The skill of curiosity helps to develop two habits: the habit of unfinishing tasks and the habit of taking risks. Both habits can be really useful.
The habit of unfinishing tasks is useful when we want to jump from project to project, from one interest area to another without finishing them, without putting them into the world. We use it when we want to hide, when we avoid the vulnerability of touching someone and allowing to touch us back, when we selfishly ignore endless opportunities to change something for the better.
The habit of taking risks is useful when we want to connect with someone, to change the status quo, to fix that which is broken, to solve interesting problems, to raise the hand when we are unsure it's our turn. We use it when we are open to the feeling of being more human, more alive, when we realize that our daily mistakes aren't going to kills us, when the fear of not reaching our potential becomes greater than the fear of hearing this voice inside us - "see, I told you".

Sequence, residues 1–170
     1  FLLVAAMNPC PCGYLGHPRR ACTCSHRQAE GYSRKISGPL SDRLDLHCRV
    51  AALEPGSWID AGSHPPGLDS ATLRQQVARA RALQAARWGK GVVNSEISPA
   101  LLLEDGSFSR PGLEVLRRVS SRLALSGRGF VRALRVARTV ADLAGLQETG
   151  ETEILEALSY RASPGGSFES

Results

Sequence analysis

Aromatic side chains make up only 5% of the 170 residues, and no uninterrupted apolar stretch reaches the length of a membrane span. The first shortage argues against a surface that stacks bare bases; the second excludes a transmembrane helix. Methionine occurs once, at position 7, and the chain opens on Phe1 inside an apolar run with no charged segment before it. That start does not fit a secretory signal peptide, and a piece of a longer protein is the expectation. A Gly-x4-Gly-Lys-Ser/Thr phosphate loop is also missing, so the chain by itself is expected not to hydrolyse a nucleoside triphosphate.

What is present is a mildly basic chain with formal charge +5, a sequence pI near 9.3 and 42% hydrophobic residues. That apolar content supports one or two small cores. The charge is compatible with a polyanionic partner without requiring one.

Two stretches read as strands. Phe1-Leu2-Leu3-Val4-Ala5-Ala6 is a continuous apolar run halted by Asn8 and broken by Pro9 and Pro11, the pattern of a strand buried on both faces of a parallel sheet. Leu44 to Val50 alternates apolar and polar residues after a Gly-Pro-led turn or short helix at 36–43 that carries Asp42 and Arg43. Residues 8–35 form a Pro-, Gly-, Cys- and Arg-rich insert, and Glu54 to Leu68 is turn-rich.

Both sides of curiosity are useful. It's in our power to choose which side we are going to embrace.
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Organists of Vilnius University , creators of Secrets of Organ Playing.
Don't have an organ at home?
Download paper manuals and pedals, print them out, cut the white spaces, tape the sheets together and you'll be ready to practice anywhere where is a desk and floor. Make sure you have a higher chair.